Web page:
Carter Shooting: Attorney Challenges Official Story

Family attorney challenges official version of Carter shooting

Byron Carter
Byron Carter (Courtesy of The Carter Family)

The official version of what happened on the evening of May 30, 2011, the night that Austin Police Department Officer Nathan Wagner shot and killed 20-year-old Byron Carter goes like this: Wagner and his partner, Officer Jeffrey Rodriguez, were on foot patrol – looking for drug dealers and car thieves near the East Sixth Street entertainment district – when they spotted Carter and his friend, a juvenile named Leyumba Webb, walking across a field near I-35 toward an apartment complex on East Eighth Street. The cops thought the pair suspicious, so they followed them. They briefly lost sight of the youths, who had gotten in a car parked along the curb on East Eighth. Shortly after the officers located the pair, the car – driven by Webb – suddenly lurched into the street, heading directly for the two officers. Rodriguez went down, hit by the car (his Achilles injured, officials later said), so Wagner thought, according to court records. "Fearing for his life and the life of his partner," Wagner drew his weapon and fired five shots into the car.

All five shots entered the car and hit Carter, killing him. Webb was grazed by a single bullet; he hastily drove off and dumped the car just blocks away.

Attorney Adam Loewy, representing Carter's family in a federal civil rights suit brought against Wagner, insists the official story is not what actually happened. But he says he's hamstrung from making that case because the city refuses to allow key pieces of evidence – including the Internal Affairs investigation and the report from the police monitor – to be publicly released. And if they can't be released, he can't effectively argue against a motion for summary judgment filed by Wagner's attorney, Robert Icenhauer-Ramirez, seeking to have the lawsuit dismissed.

The documents in question are generally precluded from public release under state law. Civil service law provides that IA investigations that don't result in discipline are confidential. The contract between the Austin Police Department and the city similarly forbids disclosure of a report on the case from the Office of the Police Monitor, the city argues. Wagner did not face any administrative sanctions as a result of the shooting, and a Travis County grand jury declined to indict him on criminal charges. Still, the Statesman reported last year that after reviewing the IA investigation, the city's Citizen Review Panel concluded that Wagner should have been fired. Loewy argues that details from the CRP's findings need to be included in his motion arguing that the case should not be dismissed, but should go forward to trial in July, as currently scheduled.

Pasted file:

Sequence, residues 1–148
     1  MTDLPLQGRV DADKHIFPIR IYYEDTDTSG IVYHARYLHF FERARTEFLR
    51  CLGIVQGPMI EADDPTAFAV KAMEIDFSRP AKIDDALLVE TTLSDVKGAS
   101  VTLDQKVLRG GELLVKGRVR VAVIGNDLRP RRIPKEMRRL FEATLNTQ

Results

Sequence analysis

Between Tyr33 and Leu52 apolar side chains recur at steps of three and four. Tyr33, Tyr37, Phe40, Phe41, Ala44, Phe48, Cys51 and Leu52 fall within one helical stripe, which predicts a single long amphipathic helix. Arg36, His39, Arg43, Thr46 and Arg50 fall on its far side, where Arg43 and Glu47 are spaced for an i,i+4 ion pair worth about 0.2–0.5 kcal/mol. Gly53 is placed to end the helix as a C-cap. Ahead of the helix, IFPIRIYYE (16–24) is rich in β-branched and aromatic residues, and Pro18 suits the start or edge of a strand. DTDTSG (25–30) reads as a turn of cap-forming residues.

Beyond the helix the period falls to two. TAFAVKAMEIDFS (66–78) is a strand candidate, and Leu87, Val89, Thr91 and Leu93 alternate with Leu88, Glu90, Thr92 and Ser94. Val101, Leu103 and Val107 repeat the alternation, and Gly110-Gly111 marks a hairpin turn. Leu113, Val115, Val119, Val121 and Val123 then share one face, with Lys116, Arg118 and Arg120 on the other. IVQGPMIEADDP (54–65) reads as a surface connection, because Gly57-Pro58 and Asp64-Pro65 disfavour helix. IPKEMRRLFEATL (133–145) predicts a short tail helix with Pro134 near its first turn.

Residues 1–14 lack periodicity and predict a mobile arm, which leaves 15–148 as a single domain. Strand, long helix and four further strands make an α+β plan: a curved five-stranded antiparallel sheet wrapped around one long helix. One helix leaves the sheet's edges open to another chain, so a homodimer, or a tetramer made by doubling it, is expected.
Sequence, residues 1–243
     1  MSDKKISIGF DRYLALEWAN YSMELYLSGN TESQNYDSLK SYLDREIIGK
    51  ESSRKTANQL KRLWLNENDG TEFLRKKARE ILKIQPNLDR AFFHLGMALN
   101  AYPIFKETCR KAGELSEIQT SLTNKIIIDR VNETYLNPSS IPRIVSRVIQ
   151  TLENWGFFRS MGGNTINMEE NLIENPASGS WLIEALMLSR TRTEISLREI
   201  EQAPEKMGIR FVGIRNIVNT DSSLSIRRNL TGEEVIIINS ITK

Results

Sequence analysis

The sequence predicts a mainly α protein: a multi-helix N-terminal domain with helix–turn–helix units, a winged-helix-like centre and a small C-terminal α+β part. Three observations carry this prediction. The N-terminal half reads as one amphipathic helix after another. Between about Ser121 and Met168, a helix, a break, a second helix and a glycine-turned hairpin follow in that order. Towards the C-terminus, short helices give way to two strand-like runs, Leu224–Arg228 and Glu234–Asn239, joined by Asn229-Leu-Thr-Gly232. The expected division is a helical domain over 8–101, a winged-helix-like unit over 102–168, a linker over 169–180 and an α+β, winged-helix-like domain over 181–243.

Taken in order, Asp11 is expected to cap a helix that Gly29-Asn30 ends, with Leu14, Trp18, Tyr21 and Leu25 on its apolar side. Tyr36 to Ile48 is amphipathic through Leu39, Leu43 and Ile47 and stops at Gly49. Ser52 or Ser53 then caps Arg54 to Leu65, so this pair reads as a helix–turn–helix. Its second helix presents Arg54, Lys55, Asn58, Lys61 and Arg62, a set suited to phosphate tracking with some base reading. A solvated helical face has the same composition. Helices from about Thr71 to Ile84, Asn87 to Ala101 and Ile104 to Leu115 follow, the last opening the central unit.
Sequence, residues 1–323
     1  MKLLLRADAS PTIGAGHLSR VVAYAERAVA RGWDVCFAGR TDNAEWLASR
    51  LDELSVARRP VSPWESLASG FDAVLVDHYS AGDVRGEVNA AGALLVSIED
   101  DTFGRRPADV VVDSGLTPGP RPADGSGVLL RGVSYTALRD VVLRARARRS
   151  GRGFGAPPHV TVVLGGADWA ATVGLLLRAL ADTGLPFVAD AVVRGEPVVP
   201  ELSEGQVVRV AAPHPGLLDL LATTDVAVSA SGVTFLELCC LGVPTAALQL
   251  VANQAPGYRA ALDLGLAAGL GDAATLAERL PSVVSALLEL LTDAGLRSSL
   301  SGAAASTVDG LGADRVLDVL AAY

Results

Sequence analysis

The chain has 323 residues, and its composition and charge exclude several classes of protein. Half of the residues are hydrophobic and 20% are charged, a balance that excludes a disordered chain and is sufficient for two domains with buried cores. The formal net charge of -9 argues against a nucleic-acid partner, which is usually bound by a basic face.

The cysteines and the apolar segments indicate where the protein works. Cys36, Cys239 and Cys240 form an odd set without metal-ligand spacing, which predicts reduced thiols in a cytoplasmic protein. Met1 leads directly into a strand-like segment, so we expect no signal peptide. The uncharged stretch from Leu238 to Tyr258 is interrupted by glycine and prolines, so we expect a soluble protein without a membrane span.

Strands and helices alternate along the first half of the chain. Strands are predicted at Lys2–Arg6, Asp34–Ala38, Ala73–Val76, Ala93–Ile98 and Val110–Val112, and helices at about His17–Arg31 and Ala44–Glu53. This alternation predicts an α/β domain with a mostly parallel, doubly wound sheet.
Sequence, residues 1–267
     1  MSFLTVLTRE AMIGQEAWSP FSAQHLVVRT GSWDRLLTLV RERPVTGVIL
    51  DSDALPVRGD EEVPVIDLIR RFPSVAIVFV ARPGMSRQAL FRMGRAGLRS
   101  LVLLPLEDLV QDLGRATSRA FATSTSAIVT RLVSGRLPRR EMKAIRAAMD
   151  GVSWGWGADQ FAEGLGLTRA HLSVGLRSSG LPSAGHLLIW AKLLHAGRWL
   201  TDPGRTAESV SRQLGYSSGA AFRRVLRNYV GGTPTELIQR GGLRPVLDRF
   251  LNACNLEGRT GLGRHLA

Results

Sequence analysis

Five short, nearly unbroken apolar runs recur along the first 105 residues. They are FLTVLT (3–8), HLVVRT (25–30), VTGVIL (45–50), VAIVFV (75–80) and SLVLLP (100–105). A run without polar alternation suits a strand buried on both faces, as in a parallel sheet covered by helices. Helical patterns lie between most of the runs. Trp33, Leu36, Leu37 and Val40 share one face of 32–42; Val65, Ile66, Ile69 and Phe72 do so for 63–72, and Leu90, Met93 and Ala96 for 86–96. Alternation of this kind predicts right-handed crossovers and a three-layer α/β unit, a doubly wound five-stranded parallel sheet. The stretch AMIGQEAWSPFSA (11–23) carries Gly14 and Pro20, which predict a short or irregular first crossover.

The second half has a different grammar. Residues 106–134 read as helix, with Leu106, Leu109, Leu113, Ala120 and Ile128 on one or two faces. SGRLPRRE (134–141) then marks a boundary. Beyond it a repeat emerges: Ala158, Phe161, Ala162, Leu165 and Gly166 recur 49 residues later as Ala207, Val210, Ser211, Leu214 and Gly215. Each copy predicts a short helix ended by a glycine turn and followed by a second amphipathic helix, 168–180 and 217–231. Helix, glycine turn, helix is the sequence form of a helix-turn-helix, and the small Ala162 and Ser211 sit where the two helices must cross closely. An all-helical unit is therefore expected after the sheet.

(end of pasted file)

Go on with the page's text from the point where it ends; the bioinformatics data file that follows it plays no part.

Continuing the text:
Loewy says the city's account of what happened the night Carter was killed is all "lies." As Loewy tells it, the officers followed Carter and his friend simply because they were black. Rodriguez's Achilles was not injured, nor was he thrown to the ground, and the IA investigation contains "admissions that suggest the police officers in this shooting knew they acted inappropriately," Loewy wrote in a Jan. 9 motion seeking to have the IA and police monitor documents publicly filed.

At issue in part is that the city has agreed to release from a protective order documents that Icenhauer-Ramirez used to file his motion for summary judgment, including a deposition of Webb. Using that document in tandem with portions of Wagner's deposition in the case, Icenhauer-Ramirez makes the case that Webb agreed that he drove the car in a way that put Wagner and Rodriguez in danger; as a consequence, there are no fact issues left for a jury to determine, meaning the case should be closed now. "There is no genuine issue as to the material facts in this case," Icenhauer-Ramirez wrote in a motion for summary judgment filed in late December. "Because Officer Wagner had probable cause to believe that the car being driven at him and Officer Rodriguez ... posed a serious risk of physical harm or even death to himself and to Officer Rodriguez, Officer Wagner's use of deadly force in this case was not objectively unreasonable."

Loewy disagrees, but says he can't respond in detail because to do so he has to reference confidential material, meaning his filed motion would read like a piece of Swiss cheese. Both Icen­hauer-Ramirez and the city argue that's nonsense in motions opposing the documents' public release. The opinions of Police Monitor Margo Frasier and the members of the CRP are "merely lay opinions" and not relevant to the question of whether Wagner was justified in shooting Carter, the city argues. The only real reason that Loewy is seeking their release is to afford him an opportunity to "harass City officials in the press," attorney Daniel Richards wrote in the city's motion.

Loewy notes that he could file a heavily redacted version of his motion, but that makes it difficult for Judge Lee Yeakel to review. He argues also that by allowing Icenhauer-Ramirez to refer to documents previously sealed, but not allowing him to respond in kind, enables the city to "control the narrative" of the shooting – leaving the impression that the police acted appropriately in shooting the passenger in the car five times, killing him. "[T]his underlying action involves the public safety of the general public and the alleged abuse of deadly power by an Austin Police Department officer," Loewy wrote to the court. "Thus, because this matter is directly connected to the safety of the general public from abusive and deadly actions taken by a public officer ... the presumption of public access to this judicial proceeding and its records outweigh any potential injury to the City of Austin."

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